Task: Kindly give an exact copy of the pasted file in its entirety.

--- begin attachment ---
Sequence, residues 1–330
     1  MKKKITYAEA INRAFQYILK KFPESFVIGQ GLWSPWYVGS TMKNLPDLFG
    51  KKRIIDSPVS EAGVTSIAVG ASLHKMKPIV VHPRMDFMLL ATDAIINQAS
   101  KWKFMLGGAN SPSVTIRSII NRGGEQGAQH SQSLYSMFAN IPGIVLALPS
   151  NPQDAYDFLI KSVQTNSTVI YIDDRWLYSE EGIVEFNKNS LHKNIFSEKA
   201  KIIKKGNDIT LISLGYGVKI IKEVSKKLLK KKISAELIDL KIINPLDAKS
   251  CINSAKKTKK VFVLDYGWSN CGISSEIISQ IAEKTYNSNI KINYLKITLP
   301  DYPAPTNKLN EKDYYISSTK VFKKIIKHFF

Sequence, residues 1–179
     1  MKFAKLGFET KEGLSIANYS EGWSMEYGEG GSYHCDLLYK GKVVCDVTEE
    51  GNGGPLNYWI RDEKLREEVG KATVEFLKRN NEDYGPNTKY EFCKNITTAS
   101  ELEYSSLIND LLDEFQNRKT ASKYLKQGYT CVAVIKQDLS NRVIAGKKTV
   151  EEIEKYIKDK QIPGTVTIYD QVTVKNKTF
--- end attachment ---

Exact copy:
Sequence, residues 1–330
     1  MKKKITYAEA INRAFQYILK KFPESFVIGQ GLWSPWYVGS TMKNLPDLFG
    51  KKRIIDSPVS EAGVTSIAVG ASLHKMKPIV VHPRMDFMLL ATDAIINQAS
   101  KWKFMLGGAN SPSVTIRSII NRGGEQGAQH SQSLYSMFAN IPGIVLALPS
   151  NPQDAYDFLI KSVQTNSTVI YIDDRWLYSE EGIVEFNKNS LHKNIFSEKA
   201  KIIKKGNDIT LISLGYGVKI IKEVSKKLLK KKISAELIDL KIINPLDAKS
   251  CINSAKKTKK VFVLDYGWSN CGISSEIISQ IAEKTYNSNI KINYLKITLP
   301  DYPAPTNKLN EKDYYISSTK VFKKIIKHFF

Sequence, residues 1–179
     1  MKFAKLGFET KEGLSIANYS EGWSMEYGEG GSYHCDLLYK GKVVCDVTEE
    51  GNGGPLNYWI RDEKLREEVG KATVEFLKRN NEDYGPNTKY EFCKNITTAS
   101  ELEYSSLIND LLDEFQNRKT ASKYLKQGYT CVAVIKQDLS NRVIAGKKTV
   151  EEIEKYIKDK QIPGTVTIYD QVTVKNKTF